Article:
In August 2021, a Facebook ad campaign criticizing Ilhan Omar and Rashida Tlaib, the United States’ first Muslim congresswomen, came under intense scrutiny. Critics charged that the ads linked the congresswomen with terrorism, and some faith leaders condemned the campaign as “Islamophobic” – that is, spreading fear of Islam and hatred against Muslims.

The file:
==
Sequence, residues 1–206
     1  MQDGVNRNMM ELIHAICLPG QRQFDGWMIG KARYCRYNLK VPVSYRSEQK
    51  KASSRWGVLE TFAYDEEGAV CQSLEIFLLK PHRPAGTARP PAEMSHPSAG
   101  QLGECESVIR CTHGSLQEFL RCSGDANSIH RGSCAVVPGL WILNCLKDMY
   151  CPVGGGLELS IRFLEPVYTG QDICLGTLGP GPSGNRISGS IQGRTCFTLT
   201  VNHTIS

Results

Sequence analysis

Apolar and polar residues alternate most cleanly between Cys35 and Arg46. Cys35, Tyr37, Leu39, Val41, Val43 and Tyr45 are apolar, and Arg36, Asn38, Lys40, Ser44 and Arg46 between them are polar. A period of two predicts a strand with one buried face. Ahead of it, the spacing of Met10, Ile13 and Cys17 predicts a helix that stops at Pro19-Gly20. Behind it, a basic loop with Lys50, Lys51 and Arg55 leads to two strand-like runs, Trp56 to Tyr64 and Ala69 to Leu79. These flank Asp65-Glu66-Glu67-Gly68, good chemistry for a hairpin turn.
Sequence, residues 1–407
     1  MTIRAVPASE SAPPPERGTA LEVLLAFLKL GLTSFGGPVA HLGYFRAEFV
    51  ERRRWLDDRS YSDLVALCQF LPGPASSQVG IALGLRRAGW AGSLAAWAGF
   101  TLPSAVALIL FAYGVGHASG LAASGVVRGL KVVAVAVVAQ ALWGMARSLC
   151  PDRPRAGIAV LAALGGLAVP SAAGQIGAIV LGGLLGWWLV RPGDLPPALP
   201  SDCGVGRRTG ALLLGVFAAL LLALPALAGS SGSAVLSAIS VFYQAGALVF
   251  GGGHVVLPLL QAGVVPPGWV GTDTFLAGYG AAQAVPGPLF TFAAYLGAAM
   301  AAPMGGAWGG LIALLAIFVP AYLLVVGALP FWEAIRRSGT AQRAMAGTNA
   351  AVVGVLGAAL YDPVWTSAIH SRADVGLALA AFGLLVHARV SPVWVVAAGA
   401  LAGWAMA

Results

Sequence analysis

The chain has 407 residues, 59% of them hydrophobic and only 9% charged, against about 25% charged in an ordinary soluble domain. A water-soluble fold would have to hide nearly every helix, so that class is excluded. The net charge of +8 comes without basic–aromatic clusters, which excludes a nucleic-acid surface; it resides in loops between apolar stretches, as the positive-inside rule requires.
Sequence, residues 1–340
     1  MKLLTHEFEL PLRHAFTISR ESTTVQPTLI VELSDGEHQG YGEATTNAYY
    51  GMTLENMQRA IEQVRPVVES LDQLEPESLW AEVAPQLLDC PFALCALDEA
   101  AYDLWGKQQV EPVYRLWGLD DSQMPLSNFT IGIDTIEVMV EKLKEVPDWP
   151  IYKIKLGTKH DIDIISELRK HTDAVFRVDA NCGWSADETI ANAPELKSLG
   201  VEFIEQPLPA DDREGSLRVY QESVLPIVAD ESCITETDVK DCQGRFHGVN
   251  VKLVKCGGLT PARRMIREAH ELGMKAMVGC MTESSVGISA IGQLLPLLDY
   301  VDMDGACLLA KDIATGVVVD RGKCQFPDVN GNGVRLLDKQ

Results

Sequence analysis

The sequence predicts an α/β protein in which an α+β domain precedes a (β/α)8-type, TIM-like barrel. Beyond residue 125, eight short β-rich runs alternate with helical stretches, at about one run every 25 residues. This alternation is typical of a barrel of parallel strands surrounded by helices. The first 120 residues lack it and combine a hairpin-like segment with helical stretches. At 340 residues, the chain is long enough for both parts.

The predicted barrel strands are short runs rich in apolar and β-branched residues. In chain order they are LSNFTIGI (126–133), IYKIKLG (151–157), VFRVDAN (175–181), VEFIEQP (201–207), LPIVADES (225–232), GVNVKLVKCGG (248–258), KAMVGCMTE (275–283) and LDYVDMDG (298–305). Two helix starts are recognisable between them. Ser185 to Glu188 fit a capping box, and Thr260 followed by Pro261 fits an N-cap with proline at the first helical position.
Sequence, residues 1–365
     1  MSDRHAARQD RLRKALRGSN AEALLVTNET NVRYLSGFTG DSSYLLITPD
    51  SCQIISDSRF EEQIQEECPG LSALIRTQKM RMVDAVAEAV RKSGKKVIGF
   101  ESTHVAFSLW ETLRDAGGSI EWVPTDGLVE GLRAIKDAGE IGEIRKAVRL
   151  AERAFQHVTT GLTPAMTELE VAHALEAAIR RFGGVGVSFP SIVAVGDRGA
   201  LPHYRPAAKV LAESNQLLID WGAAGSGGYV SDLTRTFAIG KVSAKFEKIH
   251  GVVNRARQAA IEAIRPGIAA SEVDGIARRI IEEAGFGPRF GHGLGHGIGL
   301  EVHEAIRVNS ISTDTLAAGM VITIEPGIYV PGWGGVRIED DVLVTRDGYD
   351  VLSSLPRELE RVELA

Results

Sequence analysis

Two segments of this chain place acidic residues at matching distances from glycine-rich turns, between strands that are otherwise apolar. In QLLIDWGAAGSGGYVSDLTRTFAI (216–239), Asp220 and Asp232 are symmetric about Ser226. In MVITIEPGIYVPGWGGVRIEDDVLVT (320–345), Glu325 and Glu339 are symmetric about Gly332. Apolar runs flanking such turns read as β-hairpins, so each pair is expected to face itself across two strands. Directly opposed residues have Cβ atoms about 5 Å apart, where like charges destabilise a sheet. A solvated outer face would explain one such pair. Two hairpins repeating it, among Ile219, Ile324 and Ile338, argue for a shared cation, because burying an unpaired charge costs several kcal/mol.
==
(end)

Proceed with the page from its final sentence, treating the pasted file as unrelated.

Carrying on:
This was hardly the first time the pair faced Islamophobic or racist abuse, especially on the internet. As a communications professor who studies the politics of race and identity online, I have seen that Omar is often a target of white nationalist attacks on Twitter. Continue reading